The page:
The Struggle Against the Bomb, Volumen 2
Stanford University Press, 1993 - 641 páginas
Resisting the Bomb continues the story, begun in the award-winning One World or None, of humanity's efforts to avert nuclear destruction. Beginning with the catastrophic atmospheric nuclear weapons tests of 1954, it describes the gradual development of a grassroots, worldwide movement for nuclear disarmament. By the late 1950's and early 1960's, this campaign had taken on mass dimensions in many nations, with antinuclear protests simultaneously drawing hundreds of thousands of people in dozens of countries.
The movement engaged the efforts of some of the world's most prominent and revered intellectuals, such as Albert Schweitzer and Bertrand Russell, and had a substantial impact on major political, labor, and religious groups, as well as on public opinion. Even within the relatively closed confines of Communist countries, antinuclear activities emerged and exerted pressure on public officials. As a result, the public policy of numerous countries began to shift away from a reliance upon nuclear war and toward curbing the nuclear arms race--a process that culminated in the partial test ban treaty, the nuclear nonproliferation treaty, and other arms control measures of the 1960's.
This is the first comprehensive account of worldwide nuclear disarmament activism and its consequences during these years. The book is based on extensive research in fifteen countries, of more than a hundred peace groups and government agencies. Many of the documents--such as those drawn from the files of the U.S. State Department, the Atomic Energy Authority of Great Britain, and the Central Committee of the Communist Party of the Soviet Union--were until recently classified as top secret. Now, together with personal interviews and material drawn from peace movement periodicals, they contribute to a vivid panorama of the global antinuclear campaign, and provide startling revelations about the efforts of government officials to repress, contain, and, finally, accommodate to popular protest.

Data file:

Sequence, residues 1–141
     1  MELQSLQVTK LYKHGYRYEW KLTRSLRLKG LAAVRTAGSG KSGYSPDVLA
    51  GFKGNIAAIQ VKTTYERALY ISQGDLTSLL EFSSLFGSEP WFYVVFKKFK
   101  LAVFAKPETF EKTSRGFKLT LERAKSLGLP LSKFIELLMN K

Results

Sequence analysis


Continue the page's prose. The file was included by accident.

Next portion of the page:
Reviews of Volume One:
One World or None:
A History of the World Nuclear Disarmament Movement Through 1953
Winner of the Warren Kuehl Prize of the Society for Historians of American Foreign Relations
"Wittner has done an admirable and meticulous job of tracing the tempestuous history of the international peace movement from the advent of the atomic bomb to the end of the Korean War. . . . Based for the most part on primary sources, Wittner's work demonstrates truly prodigious research. . . . Beyond providing a comprehensive overview of the topic, the book also provides considerable new information for the debate over the historical significance of the disarmament movement."
--American Historical Review
"A perceptive account. . . . It adds a great deal to our understanding of the first crucial years of the nuclear age. . . . Wittner has done a prodigious amount of research. . . . The best description that exists of efforts to promote disarmament around the globe."
--Bulletin of the Atomic Scientist
"A powerfully written and impressively researched study. . . . It would be hard to imagine a better . . . example of multinational history."
--Canadian Journal of History
"The book is interesting, well written, and massively documented--a major contribution to the history of the origins and early years of the atomic age."
--Perspectives on Political Science
"Wittner has effectively captured the essence, the magnitude, and the politics of the wide variety of popular movements that emerged during and after World War II in opposition to the new atomic bomb."
"There is an impressive thoroughness, even-handedness, and global reach in Wittner's work."
--International History Review
1993. 472 pages, illus.
Paper, $16.95, cloth, $55.00x
ISBN 0-0847-2528-4 (pa)
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